What you’ll learn. These workshops invite local leaders and members of the water community to share their experiences, identify local challenges and opportunities that can benefit the community, the economy, and the environment. This program offers a platform for local decision makers, organizations, and city officials to come together in imagining the future of their city’s waterways, and to take action to protect and plan for those resources.
What you’ll do. Listen to talks from other participants, engage in discussions and small projects. Participants gain practical information about local watersheds groups, partnerships possibilities, and project funding opportunities.
- 8:30 a.m. – Sign in
- 9 a.m. – Welcome and Program Introduction
- AU Water Resources Team
- 9:15 a.m. – Overview of Watershed Systems
- AU Water Resources Team
- 10:10 a.m. –Understanding the State of Your Watershed
- 11:45 a.m. – Catered Lunch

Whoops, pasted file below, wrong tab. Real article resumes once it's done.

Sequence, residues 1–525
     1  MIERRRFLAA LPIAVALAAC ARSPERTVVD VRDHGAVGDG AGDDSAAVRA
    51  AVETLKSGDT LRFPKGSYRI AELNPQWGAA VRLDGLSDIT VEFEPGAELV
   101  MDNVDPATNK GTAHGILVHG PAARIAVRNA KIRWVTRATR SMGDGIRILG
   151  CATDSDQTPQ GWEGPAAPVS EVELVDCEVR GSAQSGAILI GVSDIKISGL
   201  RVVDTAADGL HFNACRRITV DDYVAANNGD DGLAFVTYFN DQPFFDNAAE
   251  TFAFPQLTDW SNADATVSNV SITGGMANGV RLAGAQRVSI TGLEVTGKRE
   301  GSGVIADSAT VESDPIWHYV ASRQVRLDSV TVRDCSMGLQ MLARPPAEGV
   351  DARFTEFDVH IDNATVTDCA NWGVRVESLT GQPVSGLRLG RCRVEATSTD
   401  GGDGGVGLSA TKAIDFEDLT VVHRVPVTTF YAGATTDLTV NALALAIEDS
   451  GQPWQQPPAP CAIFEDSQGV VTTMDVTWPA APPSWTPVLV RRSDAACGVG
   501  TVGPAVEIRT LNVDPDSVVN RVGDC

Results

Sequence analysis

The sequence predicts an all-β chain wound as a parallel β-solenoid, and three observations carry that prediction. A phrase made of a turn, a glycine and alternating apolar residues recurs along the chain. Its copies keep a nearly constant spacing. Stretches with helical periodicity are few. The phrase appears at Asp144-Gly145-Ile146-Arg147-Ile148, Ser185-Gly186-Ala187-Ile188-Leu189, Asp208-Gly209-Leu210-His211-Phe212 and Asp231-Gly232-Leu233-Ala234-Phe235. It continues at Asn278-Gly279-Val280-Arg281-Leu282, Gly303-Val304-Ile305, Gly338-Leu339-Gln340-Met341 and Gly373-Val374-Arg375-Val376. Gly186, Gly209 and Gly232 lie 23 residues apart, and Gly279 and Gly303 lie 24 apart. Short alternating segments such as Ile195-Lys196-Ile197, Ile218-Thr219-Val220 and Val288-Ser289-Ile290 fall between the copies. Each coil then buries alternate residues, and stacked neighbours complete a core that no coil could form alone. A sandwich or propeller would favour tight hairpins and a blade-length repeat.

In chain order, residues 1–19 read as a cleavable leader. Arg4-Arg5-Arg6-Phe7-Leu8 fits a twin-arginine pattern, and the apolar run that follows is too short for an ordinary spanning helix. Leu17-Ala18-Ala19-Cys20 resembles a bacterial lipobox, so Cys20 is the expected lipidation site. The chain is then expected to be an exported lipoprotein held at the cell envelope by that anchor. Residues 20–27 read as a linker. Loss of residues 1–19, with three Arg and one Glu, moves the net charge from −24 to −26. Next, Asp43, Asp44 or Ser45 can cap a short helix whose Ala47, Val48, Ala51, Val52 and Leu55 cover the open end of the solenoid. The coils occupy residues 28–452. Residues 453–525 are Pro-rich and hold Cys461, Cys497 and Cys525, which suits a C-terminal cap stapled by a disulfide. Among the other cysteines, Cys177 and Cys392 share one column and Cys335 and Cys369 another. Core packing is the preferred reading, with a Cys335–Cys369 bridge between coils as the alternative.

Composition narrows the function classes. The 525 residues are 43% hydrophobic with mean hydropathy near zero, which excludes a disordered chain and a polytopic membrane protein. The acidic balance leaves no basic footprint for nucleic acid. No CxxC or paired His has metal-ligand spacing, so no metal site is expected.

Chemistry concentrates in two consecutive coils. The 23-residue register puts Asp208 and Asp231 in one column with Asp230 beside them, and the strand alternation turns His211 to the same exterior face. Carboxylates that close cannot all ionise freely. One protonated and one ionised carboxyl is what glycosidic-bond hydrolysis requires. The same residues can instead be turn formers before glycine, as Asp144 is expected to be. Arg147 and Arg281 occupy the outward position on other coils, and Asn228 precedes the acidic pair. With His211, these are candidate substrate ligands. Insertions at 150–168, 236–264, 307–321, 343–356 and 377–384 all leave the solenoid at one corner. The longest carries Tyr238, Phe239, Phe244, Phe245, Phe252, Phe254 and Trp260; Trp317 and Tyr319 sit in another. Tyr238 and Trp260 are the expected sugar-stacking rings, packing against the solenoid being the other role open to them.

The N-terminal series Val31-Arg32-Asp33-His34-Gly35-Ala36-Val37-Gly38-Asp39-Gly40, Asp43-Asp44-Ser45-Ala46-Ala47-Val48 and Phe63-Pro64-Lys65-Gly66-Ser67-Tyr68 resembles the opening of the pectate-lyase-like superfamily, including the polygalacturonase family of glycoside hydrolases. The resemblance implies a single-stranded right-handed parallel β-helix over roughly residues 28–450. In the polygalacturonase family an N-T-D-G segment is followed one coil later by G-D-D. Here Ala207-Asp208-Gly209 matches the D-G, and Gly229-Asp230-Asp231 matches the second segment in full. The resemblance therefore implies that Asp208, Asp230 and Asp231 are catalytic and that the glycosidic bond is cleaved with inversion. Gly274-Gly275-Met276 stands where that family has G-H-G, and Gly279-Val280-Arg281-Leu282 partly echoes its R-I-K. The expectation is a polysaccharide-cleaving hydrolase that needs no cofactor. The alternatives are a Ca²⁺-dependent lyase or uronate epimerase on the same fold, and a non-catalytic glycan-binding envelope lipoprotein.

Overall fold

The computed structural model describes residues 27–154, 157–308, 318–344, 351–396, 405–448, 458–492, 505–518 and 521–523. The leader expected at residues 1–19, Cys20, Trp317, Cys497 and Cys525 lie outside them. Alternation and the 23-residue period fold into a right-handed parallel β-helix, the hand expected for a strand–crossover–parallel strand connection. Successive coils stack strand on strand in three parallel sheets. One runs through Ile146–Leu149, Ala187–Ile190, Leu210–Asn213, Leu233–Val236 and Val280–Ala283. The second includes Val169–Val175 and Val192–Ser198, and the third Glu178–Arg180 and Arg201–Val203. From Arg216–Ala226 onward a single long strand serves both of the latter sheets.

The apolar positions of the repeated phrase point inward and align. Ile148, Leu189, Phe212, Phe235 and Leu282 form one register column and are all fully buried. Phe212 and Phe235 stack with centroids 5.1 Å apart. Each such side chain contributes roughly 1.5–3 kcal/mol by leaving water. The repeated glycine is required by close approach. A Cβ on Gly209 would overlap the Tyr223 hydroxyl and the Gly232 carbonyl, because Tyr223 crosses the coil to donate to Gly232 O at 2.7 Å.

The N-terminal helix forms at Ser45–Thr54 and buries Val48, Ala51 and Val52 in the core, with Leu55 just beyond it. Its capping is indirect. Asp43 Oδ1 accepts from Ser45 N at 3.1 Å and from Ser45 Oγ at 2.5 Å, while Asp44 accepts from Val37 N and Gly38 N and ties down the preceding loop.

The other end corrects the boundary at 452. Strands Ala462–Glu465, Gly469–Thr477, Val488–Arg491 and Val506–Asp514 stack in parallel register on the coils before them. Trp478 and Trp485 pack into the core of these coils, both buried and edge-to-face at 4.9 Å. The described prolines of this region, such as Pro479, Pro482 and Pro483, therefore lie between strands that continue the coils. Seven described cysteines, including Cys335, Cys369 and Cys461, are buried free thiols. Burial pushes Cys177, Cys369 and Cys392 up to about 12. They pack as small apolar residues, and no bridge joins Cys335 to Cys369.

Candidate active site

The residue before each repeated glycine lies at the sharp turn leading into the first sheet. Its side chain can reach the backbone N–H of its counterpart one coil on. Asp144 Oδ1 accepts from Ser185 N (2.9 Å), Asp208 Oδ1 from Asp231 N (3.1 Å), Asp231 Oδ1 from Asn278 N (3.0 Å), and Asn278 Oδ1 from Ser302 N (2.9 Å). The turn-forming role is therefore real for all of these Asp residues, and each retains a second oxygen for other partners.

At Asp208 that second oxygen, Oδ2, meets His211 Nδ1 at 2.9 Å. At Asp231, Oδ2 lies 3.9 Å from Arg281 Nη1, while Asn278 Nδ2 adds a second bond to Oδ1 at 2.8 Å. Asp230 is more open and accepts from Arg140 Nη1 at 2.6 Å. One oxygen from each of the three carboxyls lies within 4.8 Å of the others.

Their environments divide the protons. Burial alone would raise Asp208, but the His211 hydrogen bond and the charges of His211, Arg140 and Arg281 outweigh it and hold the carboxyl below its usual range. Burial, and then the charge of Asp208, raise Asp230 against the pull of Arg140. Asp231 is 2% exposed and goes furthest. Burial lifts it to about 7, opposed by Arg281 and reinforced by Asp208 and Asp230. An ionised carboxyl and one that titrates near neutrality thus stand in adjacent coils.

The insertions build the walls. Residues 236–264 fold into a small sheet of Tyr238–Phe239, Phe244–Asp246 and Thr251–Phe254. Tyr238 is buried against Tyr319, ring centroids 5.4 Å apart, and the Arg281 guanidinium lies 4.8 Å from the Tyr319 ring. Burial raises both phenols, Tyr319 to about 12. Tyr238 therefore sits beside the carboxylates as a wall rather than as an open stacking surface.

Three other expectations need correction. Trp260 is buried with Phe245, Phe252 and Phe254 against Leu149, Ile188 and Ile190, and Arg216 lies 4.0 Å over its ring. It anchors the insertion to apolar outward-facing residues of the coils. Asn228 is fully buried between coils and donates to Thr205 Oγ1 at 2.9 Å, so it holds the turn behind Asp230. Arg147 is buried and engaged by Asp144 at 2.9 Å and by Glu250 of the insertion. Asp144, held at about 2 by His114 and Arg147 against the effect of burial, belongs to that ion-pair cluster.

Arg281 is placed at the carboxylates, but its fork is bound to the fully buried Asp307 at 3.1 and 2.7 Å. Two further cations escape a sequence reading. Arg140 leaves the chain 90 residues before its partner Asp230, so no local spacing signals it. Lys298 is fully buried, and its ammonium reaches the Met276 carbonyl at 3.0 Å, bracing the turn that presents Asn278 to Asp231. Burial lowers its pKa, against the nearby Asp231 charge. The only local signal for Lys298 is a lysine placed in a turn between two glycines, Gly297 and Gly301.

- 12:30 p.m. – Improving Watersheds – What Can We Do?
- 2:30 p.m. – Community Discussion
- 3 p.m. – Upcoming Events and Closing Comments
How it Works
Registration is done online at http://aub.ie/alabamawatershed. These workshops are open to the public, and locations vary across the state. There is a $20 registration fee, which covers lunch and a copy of the Alabama Watershed Stewards Handbook. There are 0.65 Continuing Education Units available for those who complete the training.
2. Watershed Management Planning Workshops
Watershed planning is a voluntary integrated approach to responsible resource management by considering the watershed as a whole. These one-day, in-person workshops introduce the process of watershed planning for communities as a voluntary way to plan for a community’s water future and gain opportunities for project funding.